Positron annihilation in Si is a quantitaive, depth-sensitive technique for the detection of vacancylike defects or voids. A sensitivity of 5×1015 cm-3 for voidlike defects is easily achieved. The technique has been applied to a study of point-defect distributions in thin films of Si grown by molecular-beam epitaxy. A special procedure was developed to remove the influence of the native oxide on the positron measurement. 200-nm-thick films grown at temperatures between 475 and 560°C show no defects below the sensitivity limit and are indistinguishable from the bulk substrate. So are films grown at 220°C, provided a 2-min high-temperature anneal to a peak temperature of 500°C is executed every 30 nm during growth. If TRTA=450°C, part of the film contains vacancylike defects to a concentration of 1018 cm-3. These results correlate well with current-voltage characteristics of p-n junctions grown with different rapid thermal anneal (RTA) temperatures. Ion scattering, with a defect sensitivity of 1%, shows no difference between films grown with different TRTA. Recrystallization of amorphous films, deposited at room temperature and annealed in situ at 550°C, always leaves a significant defect concentration of 2×1018 cm-3; those defects are reduced but still present even after a 2-h 800°C furnace anneal.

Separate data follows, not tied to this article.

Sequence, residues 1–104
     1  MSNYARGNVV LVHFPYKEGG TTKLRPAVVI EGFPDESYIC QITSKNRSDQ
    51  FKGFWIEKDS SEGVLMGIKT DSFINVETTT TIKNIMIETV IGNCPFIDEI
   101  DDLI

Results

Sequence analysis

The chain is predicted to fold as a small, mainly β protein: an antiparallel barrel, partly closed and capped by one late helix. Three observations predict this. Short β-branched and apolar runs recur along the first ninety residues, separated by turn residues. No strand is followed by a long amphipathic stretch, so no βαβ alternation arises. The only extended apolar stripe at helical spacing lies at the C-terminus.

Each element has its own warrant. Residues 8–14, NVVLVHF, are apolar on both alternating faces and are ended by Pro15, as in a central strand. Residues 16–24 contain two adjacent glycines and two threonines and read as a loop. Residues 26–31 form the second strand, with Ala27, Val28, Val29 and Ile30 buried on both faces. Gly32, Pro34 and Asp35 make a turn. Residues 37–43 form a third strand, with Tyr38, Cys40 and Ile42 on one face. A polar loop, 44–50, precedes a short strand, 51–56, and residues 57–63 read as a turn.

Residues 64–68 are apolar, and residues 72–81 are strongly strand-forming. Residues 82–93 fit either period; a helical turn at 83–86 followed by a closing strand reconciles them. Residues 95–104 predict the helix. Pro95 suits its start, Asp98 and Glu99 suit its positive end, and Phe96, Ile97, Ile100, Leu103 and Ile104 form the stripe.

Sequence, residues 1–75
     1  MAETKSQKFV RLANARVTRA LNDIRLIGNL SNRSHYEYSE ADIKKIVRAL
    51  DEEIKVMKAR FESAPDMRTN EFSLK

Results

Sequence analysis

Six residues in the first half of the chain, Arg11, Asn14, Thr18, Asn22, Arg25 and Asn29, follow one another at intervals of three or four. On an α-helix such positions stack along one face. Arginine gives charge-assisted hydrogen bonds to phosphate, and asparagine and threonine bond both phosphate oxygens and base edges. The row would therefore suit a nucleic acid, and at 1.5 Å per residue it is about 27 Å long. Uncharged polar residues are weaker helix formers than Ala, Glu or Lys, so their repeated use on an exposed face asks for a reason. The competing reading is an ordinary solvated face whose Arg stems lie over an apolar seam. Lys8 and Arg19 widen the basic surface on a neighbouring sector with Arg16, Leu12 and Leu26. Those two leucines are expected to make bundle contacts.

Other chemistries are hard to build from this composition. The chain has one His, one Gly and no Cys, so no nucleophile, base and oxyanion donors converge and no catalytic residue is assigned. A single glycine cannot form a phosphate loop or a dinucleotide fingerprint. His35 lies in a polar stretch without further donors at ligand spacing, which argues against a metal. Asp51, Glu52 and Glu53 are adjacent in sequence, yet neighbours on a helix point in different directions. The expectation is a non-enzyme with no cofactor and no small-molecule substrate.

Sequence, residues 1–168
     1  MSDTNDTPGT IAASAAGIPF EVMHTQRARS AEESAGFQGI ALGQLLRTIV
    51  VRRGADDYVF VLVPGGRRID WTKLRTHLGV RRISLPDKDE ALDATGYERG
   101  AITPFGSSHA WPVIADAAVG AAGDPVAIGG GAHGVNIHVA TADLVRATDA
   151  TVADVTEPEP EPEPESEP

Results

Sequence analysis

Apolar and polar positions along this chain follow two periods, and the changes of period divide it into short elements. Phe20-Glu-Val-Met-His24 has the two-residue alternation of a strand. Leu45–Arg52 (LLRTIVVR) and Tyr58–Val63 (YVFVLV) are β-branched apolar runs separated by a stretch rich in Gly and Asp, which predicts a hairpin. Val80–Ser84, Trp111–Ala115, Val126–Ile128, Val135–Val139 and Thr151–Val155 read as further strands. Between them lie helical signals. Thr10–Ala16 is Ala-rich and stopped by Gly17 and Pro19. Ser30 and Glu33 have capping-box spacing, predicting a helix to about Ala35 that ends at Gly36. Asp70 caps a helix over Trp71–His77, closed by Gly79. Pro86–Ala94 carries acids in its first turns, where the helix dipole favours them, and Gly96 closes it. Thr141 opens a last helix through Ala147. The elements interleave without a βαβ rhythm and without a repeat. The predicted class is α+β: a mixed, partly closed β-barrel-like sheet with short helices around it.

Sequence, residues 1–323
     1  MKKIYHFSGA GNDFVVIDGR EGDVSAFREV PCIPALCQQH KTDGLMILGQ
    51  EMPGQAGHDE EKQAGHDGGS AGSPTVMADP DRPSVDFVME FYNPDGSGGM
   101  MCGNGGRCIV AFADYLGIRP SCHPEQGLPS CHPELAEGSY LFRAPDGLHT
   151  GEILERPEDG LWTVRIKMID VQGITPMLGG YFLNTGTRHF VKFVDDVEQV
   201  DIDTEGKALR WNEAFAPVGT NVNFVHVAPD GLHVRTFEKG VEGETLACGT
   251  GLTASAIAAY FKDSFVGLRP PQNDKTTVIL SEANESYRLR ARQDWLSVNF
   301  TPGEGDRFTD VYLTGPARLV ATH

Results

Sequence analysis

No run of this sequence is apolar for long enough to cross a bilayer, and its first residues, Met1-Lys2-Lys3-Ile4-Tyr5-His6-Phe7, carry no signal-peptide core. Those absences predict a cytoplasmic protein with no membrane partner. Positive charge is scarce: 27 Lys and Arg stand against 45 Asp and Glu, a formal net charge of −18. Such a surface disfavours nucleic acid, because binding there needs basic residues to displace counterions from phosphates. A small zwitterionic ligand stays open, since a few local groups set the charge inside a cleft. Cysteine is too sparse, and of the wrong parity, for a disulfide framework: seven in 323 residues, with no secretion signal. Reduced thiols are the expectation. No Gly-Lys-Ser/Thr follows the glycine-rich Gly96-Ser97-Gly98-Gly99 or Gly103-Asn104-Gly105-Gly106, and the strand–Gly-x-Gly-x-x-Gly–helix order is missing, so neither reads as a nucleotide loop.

ASJC Scopus subject areas
- Condensed Matter Physics